Harland Williams: Communes with Comedy

By | March 12, 2007 at 6:43 pm | One comment | Features

Harland Williams
You’ve quoted his quirky characters from some of Hollywood’s most memorable comedies, but comedian Harland Williams is more than a urine chugging cop. He enjoys long walks in the forest, painting at home and writing children’s books. Seriously.

Over the past two decades Harland Williams has carved himself into many niches. To say the least, he’s a multi-faceted performer, showing off his comedic wares on stage, in films and in print. And the Canadian-born funnyman keeps adding to his vast repertoire. His career has followed a path as wacky and as varied as his stand-up delivery, which is clearly inspired by his own whimsical desires.

On stage Williams typically dishes out well-polished bits liberally peppered with mock antagonistic conversations with the crowd. He’ll drop a three-line fart joke in the middle of a longer segment about driving. He shifts from setting his jokes in the real world to blurting out absurd asides like, “He was out of there faster than a little Norwegian whale skinner at a Chinese roasted walrus festival.”

He’s not afraid to set the crowd up with good-natured, G-rated humor “Did you know that pumpkins were the only living organism with triangle eyes?” only to knock them down with concise adult retorts, like when he punishes his girlfriend for complaining about his sexual stamina by finding a dastardly remedy: “I popped six Viagra and I drank a case of Red Bull. Her funeral is this Tuesday.”

Throughout his act, he still holds on to that same friendly, country-bumpkin attitude that continues to endear him to his audiences and allows for a dose of his unique humor to drop at the slightest provocation. This ability has led him to craft some of the most quote-worthy characters in some of Hollywood’s top comedies.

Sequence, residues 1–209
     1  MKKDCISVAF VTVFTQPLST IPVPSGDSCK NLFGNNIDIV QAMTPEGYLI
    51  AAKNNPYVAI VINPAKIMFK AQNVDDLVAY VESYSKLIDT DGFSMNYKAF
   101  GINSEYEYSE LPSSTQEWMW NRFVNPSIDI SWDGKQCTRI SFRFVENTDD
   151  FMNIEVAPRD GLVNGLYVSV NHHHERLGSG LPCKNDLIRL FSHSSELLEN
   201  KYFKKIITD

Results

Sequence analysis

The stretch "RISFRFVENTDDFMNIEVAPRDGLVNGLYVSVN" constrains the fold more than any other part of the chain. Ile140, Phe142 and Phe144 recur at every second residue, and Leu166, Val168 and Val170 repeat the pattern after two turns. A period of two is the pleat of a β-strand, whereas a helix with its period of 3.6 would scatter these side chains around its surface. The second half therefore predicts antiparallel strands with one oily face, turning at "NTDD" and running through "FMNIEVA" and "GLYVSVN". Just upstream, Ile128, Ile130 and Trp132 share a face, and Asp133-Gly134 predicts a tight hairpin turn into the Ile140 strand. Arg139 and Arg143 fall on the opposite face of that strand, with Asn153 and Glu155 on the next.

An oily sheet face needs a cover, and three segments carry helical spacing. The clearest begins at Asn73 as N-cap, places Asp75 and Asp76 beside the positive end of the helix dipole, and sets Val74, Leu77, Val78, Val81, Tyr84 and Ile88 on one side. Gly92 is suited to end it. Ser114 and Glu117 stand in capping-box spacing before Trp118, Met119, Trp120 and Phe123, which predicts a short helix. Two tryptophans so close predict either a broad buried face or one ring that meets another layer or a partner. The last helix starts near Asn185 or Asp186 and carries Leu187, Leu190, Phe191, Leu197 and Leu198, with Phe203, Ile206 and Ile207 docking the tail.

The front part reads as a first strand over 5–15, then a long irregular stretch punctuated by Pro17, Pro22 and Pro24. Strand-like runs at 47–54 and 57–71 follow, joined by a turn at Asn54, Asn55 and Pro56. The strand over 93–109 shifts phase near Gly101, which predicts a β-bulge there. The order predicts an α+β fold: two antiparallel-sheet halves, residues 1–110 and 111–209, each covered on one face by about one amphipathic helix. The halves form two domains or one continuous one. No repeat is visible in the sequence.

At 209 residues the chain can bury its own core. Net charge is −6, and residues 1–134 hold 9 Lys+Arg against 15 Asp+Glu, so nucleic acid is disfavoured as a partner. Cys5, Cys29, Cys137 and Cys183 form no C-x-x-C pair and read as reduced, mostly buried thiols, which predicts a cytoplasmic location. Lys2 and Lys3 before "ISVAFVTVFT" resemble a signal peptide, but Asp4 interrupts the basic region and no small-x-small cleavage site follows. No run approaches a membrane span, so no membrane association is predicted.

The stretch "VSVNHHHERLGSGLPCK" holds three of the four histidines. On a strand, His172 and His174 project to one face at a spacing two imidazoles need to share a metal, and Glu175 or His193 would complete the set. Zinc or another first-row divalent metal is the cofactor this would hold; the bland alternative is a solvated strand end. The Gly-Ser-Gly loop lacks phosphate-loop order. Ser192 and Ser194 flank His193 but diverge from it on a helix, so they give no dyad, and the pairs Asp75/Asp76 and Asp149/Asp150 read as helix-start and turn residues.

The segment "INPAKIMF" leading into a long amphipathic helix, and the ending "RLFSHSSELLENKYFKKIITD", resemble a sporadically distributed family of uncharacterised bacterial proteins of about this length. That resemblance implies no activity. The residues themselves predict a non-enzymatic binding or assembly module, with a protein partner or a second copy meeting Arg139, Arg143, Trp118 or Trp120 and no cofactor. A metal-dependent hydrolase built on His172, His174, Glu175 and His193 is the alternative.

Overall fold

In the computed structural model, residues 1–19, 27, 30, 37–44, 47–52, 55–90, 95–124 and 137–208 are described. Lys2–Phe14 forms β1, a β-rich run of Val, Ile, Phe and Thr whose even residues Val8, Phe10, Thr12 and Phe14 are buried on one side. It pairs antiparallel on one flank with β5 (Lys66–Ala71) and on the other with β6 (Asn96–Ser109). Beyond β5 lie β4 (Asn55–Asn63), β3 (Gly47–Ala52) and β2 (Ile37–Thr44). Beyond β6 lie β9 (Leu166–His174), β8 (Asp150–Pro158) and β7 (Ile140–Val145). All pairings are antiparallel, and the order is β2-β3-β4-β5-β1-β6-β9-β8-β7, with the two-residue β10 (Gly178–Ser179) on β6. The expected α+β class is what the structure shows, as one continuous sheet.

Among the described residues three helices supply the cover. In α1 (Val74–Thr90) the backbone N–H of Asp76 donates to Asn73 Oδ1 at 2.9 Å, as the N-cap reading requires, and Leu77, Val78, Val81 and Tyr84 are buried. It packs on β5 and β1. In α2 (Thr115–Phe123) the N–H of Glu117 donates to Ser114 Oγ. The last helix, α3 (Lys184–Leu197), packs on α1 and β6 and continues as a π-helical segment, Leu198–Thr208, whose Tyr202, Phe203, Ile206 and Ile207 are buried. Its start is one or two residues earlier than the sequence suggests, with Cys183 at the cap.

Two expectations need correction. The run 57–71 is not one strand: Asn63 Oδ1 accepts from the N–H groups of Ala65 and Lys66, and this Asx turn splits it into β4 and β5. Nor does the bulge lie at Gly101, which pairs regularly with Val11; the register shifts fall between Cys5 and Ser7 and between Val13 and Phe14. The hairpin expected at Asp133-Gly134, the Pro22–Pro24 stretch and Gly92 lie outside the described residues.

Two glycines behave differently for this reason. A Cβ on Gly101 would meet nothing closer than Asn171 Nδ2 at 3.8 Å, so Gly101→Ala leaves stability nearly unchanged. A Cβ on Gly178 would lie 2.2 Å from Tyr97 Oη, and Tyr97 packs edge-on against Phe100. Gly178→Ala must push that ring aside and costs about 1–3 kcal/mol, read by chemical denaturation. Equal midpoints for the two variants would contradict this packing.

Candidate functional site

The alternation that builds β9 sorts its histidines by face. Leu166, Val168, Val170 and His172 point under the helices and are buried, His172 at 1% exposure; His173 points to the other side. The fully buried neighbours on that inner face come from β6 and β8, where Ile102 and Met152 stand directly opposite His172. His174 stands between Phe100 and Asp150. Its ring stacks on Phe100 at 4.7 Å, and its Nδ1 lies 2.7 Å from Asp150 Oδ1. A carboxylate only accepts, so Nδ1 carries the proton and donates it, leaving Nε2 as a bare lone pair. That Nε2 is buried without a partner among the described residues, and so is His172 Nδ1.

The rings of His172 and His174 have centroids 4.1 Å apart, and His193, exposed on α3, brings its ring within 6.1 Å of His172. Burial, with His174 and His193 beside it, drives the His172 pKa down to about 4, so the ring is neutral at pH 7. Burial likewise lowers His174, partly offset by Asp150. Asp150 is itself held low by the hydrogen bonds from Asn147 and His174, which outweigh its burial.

In New York City recently on a stand-up tour stop at Comix to promote his CD, Har-Larious, Williams was surprised to find that the mounted police force are often harassed by pedestrians shouting “Buttercup!” the way Williams’ good-natured, pot headed kindergarten teacher character did in Half Baked after accidentally poisoning a horse.

“That was a one-note scene that became long and drawn out. Every time I’d improvise, it just kept going and going,” Williams says. “Fortunately the guy who played the cop just kept going too. I just hope someone doesn’t get kicked in the head by a horse, well maybe a small kid.”

Williams’ sense of humor is simultaneously tuned in to be both sweet and sick. Take for example another of his oft-quoted lines, this one from his pee-drinking state trooper character in Dumb and Dumber: “You fellas been doing a bit of boozing, have you? Suckin’ back on grandpa’s old cough medicine?’

“That’s one I hear a lot. I improvised that line, it’s kind of like a tribute to my grandfather,” he explains with a snicker. “When we were kids growing up he liked to have a drink, but he didn’t want to do it in front of us, so he’d yell for my grandmother to bring him some of his cough syrup.”

Like many great comedians, Williams can usually chalk up some of his best film work to spur-of-the-moment inspiration, but his stand-up writing process is far different. He admits he’s not part of the school of funny story telling; rather, he crafts individual jokes each with a life of their own.

“My style is like trying to write a hit song. I don’t keep a joke unless it’s a hit,” he says. “So it’s slower, but it’s the way I work. Then I do a lot of improvisation and crowd work, you know to fill in that void and make sure I don’t get stagnant. It keeps my energy hot, tasty and cinnamon-y”

That same attitude that allows for Williams to craft one-liners out of nowhere is what keeps him performing on stage, despite his big screen successes.

“I’ve always loved the idea of testing myself and putting myself out there, exposing myself and scaring myself,” he says. “It’s not something you can do in real life, you know like walking into the DMV dressed as a robot juggling manatees. I push my own outlet, it’s good for daddy.”

And for some reason not even the prospect of failing or even hearing a deafening silence from the audience can deter Williams from taking this route. “Sometimes I actually like bombing,” he admits. “It’s usually because I’m experimenting or trying something new. It kind of feels good afterwards, cause I’m pushing myself. I guess I would have been great in World War II cause I love bombing, not for the people’s sake, but for my own.”